Can two fingers tell the truth?

In many countries around the world – still more than 20 as of late 2018 – the state of a woman’s vagina is given more importance than her words. Virginity testing is, indeed, still common practice in these countries and affects two main categories of women: the survivor of rape wishing to get justice, and the to-be married. In the latter case, the test aims at assessing the ‘purity’ or ‘chastity’ of the women by verifying the presence of their hymen (e.g. in 2018, Moroccan civil society started an important movement against the virginity test imposed on to-be married women through a very explicit slogan : « my vulva belongs to me »). In the former case, the one discussed more in-depth below, the main practice imposed on rape survivors is the famous ‘two-finger test’.

It is a very straightforward test: the doctor inserts two fingers in the vagina of the survivor to assess its size and elasticity. Depending on the result, the doctor draws a conclusion on the sexual habits of the survivor. This conclusion is then used in trial in favor of, or (much most likely) against, the testimony of the survivor. If she is considered sexually active – oftentimes deemed an “immoral behavior” – she will lose credibility and the rape case will be discarded. Not only is this conclusion disturbingly wrong but it also reduces the crime of rape to an act of penetration of the vagina. Although in concordance with the legislations of the countries where the test is performed, this highly conservative interpretation of the crime is inconsistent with the reality of its commission.

In October 2018, a UN joint statement by the World Health Organization, the Office of the High Commissioner for Human Rights and UNWOMEN called for the ban of any kind of virginity testing, including the two-finger test. The UN agencies recalled that these tests lack medical utility and scientific veracity in establishing any sexual activity, and can have a deeply harmful impact on the survivor (for an in-depth analysis of the relevance of such test and its harmful consequences see here). This call, long awaited, is of great support to the human right defenders, NGOs and other entities fighting to eradicate the practice. It may also bolster State-level developments with the same aim.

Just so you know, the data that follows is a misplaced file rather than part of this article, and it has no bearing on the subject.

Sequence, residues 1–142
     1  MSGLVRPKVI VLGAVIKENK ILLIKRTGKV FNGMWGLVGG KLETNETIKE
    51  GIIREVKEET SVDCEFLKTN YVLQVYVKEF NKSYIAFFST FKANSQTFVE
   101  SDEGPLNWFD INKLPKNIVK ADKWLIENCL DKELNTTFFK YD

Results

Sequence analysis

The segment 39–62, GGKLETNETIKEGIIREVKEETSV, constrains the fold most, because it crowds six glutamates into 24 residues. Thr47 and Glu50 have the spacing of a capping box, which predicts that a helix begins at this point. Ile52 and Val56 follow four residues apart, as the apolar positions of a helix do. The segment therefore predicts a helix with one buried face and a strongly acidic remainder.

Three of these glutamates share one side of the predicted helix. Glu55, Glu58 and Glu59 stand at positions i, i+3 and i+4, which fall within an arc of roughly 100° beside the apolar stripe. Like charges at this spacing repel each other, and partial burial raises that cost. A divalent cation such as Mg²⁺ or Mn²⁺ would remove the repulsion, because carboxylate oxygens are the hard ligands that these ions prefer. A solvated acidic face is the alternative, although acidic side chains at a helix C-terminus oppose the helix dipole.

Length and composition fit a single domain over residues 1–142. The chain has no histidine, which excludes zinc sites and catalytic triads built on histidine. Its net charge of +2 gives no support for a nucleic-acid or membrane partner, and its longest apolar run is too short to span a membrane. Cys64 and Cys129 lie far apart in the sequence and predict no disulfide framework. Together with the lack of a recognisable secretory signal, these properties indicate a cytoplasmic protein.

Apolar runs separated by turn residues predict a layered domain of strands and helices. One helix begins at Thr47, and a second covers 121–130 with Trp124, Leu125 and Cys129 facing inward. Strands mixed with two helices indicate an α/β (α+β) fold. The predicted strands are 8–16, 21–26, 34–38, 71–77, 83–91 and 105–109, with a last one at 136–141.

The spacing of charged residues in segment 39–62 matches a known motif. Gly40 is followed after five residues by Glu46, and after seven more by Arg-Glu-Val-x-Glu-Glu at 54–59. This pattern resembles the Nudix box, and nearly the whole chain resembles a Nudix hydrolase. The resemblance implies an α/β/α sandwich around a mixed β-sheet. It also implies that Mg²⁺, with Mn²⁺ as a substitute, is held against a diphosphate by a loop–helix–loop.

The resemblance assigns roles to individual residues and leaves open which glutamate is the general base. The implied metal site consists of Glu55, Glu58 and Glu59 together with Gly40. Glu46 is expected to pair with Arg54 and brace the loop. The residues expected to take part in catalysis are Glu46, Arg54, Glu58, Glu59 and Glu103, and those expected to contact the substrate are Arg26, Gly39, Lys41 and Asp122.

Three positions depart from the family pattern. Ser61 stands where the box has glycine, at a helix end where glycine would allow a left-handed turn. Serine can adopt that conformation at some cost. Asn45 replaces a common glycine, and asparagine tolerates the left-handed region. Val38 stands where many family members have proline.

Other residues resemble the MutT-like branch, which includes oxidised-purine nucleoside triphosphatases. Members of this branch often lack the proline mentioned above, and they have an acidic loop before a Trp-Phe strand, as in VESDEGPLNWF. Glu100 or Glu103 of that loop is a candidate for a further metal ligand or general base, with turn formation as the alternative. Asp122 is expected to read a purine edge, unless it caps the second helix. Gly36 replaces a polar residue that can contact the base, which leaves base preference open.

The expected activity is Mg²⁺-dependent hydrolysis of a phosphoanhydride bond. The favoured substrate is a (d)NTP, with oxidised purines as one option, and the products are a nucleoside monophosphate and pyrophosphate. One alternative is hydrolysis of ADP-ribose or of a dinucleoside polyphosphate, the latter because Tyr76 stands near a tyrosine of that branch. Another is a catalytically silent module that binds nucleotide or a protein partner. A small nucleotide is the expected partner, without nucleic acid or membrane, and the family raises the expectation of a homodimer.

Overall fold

The call mirrors the international standards on prosecuting sexual violence, according to which the sexual past, behavior or habits of a survivor cannot be taken into consideration by judges. See, for example, the Rules 70 and 71 of the Rules of Procedure and Evidence of the ICC according to which “Credibility, character or predisposition to sexual availability of a victim or witness cannot be inferred by reason of the sexual nature of the prior or subsequent conduct of a victim or witness”. Taking this into account, “a Chamber shall not admit evidence of the prior or subsequent sexual conduct of a victim or witness”.

Indeed, virginity testing also constitutes a violation of the survivor’s international human rights, which dictate a right to non-discrimination on the basis of sex, physical and sexual integrity, prohibition of cruel, inhuman or degrading treatments, right to privacy, equality before the Courts and Tribunals and equal protection of the law (see mainly articles 2,3, 7,17,14, 26 of the International Covenant on Civil and Political Rights).

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